Photo/Illutration The nurse’s office at a junior high school in Tokyo sees a daily surge of students complaining of illnesses like stomachaches due to the stress caused by the ongoing pandemic. (Yukihito Takahama)

More than a year of the pandemic upending students’ lives has led to reports of an increasing number frequently visiting school nurse’s offices, skipping classes and generally struggling to adapt to their situations.

Education facilities imposed strict behavioral restrictions in efforts to contain the pandemic, piling extra stress onto students at elementary and junior high schools who are finding it difficult to share their troubles with adults, according to new data.

School nurses, who witness firsthand the effect the pandemic is having on students every day, are feeling a growing sense of crisis about the increasing number of kids unable to cope with the change.

“I am surprised at the continuous stream of students coming to the nurse’s office,” said a school nurse at a public junior high school in the Kanto region around Tokyo.

The nurse said that every day following the May holiday period, a succession of no fewer than 10 students stopped by their office once morning classes began.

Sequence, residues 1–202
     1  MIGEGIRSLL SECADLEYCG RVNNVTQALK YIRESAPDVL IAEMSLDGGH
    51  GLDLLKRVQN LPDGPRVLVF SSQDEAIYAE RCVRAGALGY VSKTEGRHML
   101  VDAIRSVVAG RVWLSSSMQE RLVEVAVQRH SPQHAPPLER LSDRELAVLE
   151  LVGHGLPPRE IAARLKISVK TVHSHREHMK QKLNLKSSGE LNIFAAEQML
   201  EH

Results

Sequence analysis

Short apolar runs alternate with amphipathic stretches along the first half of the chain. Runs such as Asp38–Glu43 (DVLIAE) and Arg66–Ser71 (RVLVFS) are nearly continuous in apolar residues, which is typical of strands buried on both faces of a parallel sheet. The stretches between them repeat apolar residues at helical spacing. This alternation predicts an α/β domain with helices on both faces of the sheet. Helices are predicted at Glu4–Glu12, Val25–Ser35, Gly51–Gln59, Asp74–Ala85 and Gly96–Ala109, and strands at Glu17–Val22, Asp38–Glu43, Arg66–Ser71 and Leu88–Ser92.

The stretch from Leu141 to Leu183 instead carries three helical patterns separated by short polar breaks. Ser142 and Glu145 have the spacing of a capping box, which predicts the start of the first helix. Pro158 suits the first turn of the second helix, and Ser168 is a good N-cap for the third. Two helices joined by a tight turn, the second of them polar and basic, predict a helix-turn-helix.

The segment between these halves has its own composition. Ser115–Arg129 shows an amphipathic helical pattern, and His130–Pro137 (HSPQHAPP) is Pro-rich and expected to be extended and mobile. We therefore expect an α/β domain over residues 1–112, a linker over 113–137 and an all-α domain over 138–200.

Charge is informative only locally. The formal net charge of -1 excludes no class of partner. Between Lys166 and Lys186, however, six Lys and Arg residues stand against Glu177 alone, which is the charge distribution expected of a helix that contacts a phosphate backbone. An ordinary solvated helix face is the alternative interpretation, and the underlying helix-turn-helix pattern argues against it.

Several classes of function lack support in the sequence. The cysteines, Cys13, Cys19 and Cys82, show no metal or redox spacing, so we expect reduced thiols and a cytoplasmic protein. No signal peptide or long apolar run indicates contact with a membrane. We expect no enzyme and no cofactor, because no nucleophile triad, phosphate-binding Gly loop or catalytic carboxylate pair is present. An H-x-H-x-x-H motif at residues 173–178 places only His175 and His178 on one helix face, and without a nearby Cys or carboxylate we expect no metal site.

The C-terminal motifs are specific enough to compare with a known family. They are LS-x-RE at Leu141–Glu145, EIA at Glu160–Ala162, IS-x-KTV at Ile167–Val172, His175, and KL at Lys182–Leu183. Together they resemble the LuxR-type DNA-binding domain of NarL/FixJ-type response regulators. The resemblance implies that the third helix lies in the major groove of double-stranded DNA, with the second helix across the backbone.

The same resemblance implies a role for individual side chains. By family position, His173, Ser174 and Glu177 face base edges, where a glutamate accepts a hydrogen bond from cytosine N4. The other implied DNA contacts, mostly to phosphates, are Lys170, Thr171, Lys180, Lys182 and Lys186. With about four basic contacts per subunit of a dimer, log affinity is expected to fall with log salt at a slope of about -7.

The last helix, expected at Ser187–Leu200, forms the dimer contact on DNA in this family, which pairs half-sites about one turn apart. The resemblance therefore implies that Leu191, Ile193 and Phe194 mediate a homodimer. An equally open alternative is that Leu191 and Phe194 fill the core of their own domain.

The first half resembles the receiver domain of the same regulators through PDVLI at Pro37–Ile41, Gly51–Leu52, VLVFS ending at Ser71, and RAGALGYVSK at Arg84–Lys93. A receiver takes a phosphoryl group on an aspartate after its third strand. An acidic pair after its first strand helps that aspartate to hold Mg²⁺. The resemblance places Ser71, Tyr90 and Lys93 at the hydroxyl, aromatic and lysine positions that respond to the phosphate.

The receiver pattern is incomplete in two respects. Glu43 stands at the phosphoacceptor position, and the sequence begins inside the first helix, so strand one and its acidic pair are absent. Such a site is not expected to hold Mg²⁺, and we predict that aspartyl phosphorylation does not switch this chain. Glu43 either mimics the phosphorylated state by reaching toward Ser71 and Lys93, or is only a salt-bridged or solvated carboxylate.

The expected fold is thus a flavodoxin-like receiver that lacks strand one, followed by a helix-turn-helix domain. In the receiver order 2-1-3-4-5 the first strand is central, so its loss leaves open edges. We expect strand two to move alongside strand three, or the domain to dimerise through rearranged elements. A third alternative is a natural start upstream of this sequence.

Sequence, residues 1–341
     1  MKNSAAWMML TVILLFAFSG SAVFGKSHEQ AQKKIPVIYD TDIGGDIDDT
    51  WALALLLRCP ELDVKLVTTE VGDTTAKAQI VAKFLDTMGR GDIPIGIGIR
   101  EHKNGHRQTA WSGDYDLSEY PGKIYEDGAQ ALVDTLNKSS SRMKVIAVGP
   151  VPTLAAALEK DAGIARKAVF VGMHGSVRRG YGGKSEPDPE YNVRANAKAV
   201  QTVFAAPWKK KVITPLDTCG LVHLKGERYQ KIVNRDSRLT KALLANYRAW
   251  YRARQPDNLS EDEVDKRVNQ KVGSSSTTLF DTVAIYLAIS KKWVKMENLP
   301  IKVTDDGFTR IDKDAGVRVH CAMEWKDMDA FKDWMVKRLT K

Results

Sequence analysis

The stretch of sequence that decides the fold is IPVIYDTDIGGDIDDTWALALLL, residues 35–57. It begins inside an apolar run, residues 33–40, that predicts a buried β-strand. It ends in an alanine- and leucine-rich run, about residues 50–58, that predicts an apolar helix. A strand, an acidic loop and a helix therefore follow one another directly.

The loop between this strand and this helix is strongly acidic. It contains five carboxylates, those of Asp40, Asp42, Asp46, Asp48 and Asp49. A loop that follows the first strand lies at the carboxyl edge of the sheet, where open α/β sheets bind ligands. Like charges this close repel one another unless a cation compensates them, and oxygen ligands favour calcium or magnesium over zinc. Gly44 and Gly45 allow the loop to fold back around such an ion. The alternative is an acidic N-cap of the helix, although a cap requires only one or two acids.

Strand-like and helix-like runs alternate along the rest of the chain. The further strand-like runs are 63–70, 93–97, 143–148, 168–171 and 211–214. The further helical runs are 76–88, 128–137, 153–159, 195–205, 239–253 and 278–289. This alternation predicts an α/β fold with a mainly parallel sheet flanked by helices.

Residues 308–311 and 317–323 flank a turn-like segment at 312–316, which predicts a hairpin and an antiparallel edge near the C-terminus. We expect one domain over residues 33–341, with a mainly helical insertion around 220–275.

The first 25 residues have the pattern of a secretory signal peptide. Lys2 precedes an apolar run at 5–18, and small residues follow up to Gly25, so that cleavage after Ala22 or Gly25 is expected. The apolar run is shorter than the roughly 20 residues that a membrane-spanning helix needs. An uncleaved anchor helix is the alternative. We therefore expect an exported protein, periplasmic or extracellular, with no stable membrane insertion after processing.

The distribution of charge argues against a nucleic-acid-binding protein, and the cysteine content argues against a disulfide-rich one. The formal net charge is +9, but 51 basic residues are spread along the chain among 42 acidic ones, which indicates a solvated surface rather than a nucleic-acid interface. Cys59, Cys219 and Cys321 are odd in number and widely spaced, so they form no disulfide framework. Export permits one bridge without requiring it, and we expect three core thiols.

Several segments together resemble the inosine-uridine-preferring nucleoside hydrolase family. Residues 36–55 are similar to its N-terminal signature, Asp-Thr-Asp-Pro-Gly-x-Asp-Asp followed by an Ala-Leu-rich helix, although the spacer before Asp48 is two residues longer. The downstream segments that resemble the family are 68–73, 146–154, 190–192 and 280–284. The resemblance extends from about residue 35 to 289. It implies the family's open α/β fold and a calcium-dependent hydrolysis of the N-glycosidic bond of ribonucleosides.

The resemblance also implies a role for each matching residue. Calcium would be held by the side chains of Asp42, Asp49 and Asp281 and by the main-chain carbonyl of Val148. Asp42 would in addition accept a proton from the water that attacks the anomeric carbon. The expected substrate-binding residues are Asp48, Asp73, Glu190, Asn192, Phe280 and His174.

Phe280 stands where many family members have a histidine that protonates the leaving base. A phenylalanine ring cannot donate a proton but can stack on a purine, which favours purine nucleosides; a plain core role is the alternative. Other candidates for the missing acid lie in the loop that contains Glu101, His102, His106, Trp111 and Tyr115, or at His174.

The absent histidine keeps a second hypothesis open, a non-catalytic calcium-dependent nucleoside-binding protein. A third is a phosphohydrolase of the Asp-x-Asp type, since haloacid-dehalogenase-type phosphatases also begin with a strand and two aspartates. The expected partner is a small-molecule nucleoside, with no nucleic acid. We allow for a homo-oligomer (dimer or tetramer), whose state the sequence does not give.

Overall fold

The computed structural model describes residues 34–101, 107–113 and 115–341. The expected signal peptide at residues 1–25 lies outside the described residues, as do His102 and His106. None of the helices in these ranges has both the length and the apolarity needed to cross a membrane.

The students usually complain they are “feeling sick” and have stomachaches.

The academy has fewer than 300 students, but nearly 20 of them--including some who had refused to go to school before the pandemic--are routinely late for class, go home early, and are absent from school for prolonged periods.

“The number is larger than usual,” the school nurse said.

One student said he did not sleep at all on one school night because he stayed up and “played a video game until morning.”

This is just one of many cases of students struggling with being banned from going out and finding themselves increasingly immersed in online environments and video games.